Happy Wednesday! Congratulations to our Dispatch colleague Haley Byrd Wilt on the birth of her baby daughter Zoe—and just days after Andrew Egger’s little Ruth came into the world! Time to start selling Dispatch Politics-themed onesies?
Up to Speed
- Virginia Republican Rep. Jen Kiggans’ reelection campaign raised more than $750,000 in the second quarter of 2023, The Dispatch has learned, bringing her total fundraising haul to $1.3 million during her first six months in Congress. Kiggans, who ousted Democratic Rep. Elaine Luria last cycle and is one of the most vulnerable House Republicans on the ballot in 2024, now has more than $1 million dollars in cash on hand going into the second half of the year.
- In a million-dollar effort to make the RNC presidential debate stage, billionaire North Dakota Gov. Doug Burgum is offering a $20 gift card to each of the first 50,000 people to donate at least $1 to his campaign. “We’re not asking for money. We want to SEND YOU MONEY,” reads a campaign email. Burgum needs 40,000 unique donations to qualify for the first Republican presidential debate in August.
- Entrepreneur and Republican presidential candidate Vivek Ramaswamy is launching a program to pay grassroots supporters 10 percent of any money they raise for his campaign, according to Politico. Participants will be issued an affiliate link to share with their friends and other potential donors. Ramaswamy has already qualified for the debate with more than 60,000 unique donors.
- Bob Vander Plaats, CEO of The Family Leader and a social conservative kingmaker in Iowa politics, tweeted on Tuesday that former President Donald Trump will not attend his organization’s Friday summit, an influential gathering of conservatives in Iowa. Candidates expected to attend include Florida Gov. Ron DeSantis, former Vice President Mike Pence, South Carolina Sen. Tim Scott, former South Carolina Gov. Nikki Haley, entrepreneur Vivek Ramaswamy, and former Arkansas Gov. Asa Hutchinson. Each will be interviewed by former Fox News host Tucker Carlson.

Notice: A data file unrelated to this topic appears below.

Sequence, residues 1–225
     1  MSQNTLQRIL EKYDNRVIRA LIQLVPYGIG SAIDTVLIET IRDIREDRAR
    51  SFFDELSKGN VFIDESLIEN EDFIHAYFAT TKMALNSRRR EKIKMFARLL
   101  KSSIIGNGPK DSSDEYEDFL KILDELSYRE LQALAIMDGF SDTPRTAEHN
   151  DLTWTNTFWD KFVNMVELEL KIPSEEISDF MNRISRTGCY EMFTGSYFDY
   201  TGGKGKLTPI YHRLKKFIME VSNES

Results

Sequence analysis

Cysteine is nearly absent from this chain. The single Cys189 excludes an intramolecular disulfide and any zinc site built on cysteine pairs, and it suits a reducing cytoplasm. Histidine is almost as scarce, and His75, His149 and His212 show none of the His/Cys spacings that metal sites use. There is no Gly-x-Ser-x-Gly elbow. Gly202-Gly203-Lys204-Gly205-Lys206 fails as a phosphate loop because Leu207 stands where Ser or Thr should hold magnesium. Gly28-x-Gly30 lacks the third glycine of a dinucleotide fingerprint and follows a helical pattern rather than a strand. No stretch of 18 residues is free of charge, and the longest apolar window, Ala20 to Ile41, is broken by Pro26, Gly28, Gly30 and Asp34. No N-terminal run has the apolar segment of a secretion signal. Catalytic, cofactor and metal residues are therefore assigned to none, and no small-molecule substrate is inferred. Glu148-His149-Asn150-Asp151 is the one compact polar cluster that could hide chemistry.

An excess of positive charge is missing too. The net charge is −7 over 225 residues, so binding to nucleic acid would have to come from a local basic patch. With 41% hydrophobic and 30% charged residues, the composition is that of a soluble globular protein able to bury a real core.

- In a Truth Social post Monday, Trump criticized Iowa Gov. Kim Reynolds for withholding her endorsement in the state’s first-in-the-nation GOP presidential caucuses despite receiving Trump’s endorsement in 2022. Trump and his advisers have privately complained about Reynolds’ proximity to Florida Gov. Ron DeSantis, the New York Times reports. In response to Trump’s public criticism, several GOP candidates, including DeSantis, have come to the governor’s defense, and the former co-chairman of the Iowa Republican Party said, “I’m out on the former President. It’s time for fresh leadership or shall I say actual leadership.”
- Win it Back, a new group associated with the anti-tax Club for Growth, launched a $3.6 million television ad campaign on Tuesday in Iowa and South Carolina to hurt Trump in early-state and national polling, Politico reports. Another conservative group, Americans for Prosperity, is also expected to spend heavily against Trump, recently announcing it has raised more than $70 million.
- Hundreds of ostensibly grassroots left-wing activist groups across the country are centrally controlled by Arabella Advisors, a for-profit and billionaire-funded consultancy based in Washington, D.C., the Washington Free Beacon reports. Arabella has indirectly funded countless “pop-up” groups in support of liberal causes through what the Free Beacon describes as “the Left’s dark-money network.”
- “Joe Biden should not be dragging us further toward World War III by sending cluster munitions to Ukraine,” Trump said in a social media post on Tuesday. Biden made what he described as the “very difficult” decision to send cluster munitions to Ukraine until the embattled nation could resolve its shortage of conventional artillery shells despite humanitarian objections. In contrast to Trump, both Haley and Pence have said Biden was too “slow” to provide cluster munitions.
Nikki Haley Advocates ‘Equality’ for Transgender Adults
HANOVER, New Hampshire—Nikki Haley says she opposes discrimination against transgender adults and as president would not support policies that ban them from military service, teaching, or other public-sector employment.
“I’m a freedom fighter, so at the end of the day, I don’t mind how anybody chooses to live,” the Republican contender tells The Dispatch in an interview. “They should have every freedom and every equality as anybody else.”
Like most in her party seeking the White House, Haley objects to public school curricula that teaches students about the range of potential gender identities that may vary from an individual’s biological sex. The former South Carolina governor, a married mother of two adult children, especially takes issue with public school policies that involve encouraging students to explore their own gender identity, or facilitate their access to gender-transition treatments without parental consent.